White House overhauls staff ahead of midterm year

White House overhauls staff ahead of midterm year
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The White House is preparing to overhaul its senior staff next month, ahead of what could be a tumultuous midterm election in 2018. 

The expected changes come at a turning point for the administration, after President TrumpDonald John TrumpOver 100 lawmakers consistently voted against chemical safeguards: study CNN's Anderson Cooper unloads on Trump Jr. for spreading 'idiotic' conspiracy theories about him Cohn: Jamie Dimon would be 'phenomenal' president MORE wrapped up a hectic first year in office with a major legislative victory in the Republican tax bill. 

One imminent change will reportedly include tapping Johnny DeStefano, a White House aide who worked for former House Speaker John BoehnerJohn Andrew BoehnerJordan hits campaign trail amid bid for Speaker GOP senator says he 'regularly' considers leaving Republican Party Republicans mull new punishments for dissident lawmakers MORE (R-Ohio), to help manage the West Wing’s political outreach. 

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Under the plan, which was reported by multiple media outlets, DeStefano would temporarily oversee the Office of Public Liaison, the Office of Intergovernmental Affairs and the Office of Political Affairs in addition to his current role as White House personnel chief.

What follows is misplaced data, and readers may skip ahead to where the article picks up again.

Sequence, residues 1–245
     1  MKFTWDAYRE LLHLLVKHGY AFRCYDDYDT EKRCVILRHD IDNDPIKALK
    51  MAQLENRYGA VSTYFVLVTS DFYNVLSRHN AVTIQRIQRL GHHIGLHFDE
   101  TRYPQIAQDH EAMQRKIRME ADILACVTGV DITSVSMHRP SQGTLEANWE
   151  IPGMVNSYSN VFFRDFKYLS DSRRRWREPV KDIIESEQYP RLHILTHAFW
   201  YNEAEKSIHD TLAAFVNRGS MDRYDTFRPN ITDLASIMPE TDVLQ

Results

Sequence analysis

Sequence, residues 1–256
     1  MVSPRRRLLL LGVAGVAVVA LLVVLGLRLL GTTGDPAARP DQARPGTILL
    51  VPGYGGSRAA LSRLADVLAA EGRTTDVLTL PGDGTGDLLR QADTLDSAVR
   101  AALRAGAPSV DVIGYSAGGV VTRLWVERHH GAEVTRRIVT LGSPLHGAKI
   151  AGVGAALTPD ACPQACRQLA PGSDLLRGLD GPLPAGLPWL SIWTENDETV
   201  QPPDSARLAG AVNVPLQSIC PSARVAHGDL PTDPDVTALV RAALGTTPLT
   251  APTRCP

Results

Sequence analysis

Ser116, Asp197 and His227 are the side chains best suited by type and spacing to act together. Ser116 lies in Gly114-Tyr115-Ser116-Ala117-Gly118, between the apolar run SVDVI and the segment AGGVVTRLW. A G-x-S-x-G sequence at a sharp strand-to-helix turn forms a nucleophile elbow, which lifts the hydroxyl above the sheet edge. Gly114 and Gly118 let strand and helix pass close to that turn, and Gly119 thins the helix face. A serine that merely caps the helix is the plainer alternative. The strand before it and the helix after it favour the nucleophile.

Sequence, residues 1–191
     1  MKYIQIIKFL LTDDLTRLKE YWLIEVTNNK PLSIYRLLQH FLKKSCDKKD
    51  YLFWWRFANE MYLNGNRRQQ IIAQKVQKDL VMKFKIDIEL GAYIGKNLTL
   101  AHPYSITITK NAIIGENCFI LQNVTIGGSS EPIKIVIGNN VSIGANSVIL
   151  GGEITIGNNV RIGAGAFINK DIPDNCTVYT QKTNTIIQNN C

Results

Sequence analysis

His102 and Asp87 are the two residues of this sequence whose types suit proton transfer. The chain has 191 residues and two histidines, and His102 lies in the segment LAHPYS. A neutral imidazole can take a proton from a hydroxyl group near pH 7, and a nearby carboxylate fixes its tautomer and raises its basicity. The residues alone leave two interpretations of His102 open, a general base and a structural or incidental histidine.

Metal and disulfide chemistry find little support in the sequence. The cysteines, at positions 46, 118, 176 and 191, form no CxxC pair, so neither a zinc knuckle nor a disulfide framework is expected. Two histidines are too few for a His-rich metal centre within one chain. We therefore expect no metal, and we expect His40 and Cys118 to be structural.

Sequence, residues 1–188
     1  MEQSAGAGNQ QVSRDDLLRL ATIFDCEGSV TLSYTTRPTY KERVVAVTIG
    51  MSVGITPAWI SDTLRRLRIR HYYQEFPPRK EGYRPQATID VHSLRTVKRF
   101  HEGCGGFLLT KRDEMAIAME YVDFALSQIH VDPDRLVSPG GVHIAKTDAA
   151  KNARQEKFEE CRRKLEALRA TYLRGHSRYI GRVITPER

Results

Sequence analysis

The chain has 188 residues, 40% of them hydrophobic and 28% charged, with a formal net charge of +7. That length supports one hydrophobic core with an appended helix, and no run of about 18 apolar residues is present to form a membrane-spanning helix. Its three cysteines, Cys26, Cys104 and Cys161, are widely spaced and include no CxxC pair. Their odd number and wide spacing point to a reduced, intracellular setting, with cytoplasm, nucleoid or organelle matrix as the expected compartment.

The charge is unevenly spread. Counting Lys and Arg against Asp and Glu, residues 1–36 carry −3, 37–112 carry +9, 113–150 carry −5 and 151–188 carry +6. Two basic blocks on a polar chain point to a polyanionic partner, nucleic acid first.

A White House official said the move has not yet been finalized and it remains unclear what DeStefano’s new title would be. 

In another change, White House chief of staff John KellyJohn Francis KellyMORE is expected to name Jim Carroll as his top deputy. 

The move, which was first reported in November, is expected to be announced after the new year, according to the White House official. 

Carroll, the top lawyer at the Office of Management and Budget, would fill a key vacancy left by Kirstjen NielsenKirstjen Michele NielsenInvestigation into FEMA head referred to prosecutors: report Gowdy requests FEMA administrator’s travel records amid allegations The Hill's Morning Report — Sponsored by United Against Nuclear Iran — Kavanaugh confirmation in sudden turmoil MORE, a close Kelly ally whom Trump chose to lead the Department of Homeland Security.

The changes are being overseen by Kelly, who has made it his mission to bring order and stability to a White House that was wracked by chaos for many of the months before his ascension last summer.

The retired Marine Corps general is trying to ensure that any tumult caused by an expected wave of departures doesn’t derail the White House heading into next year.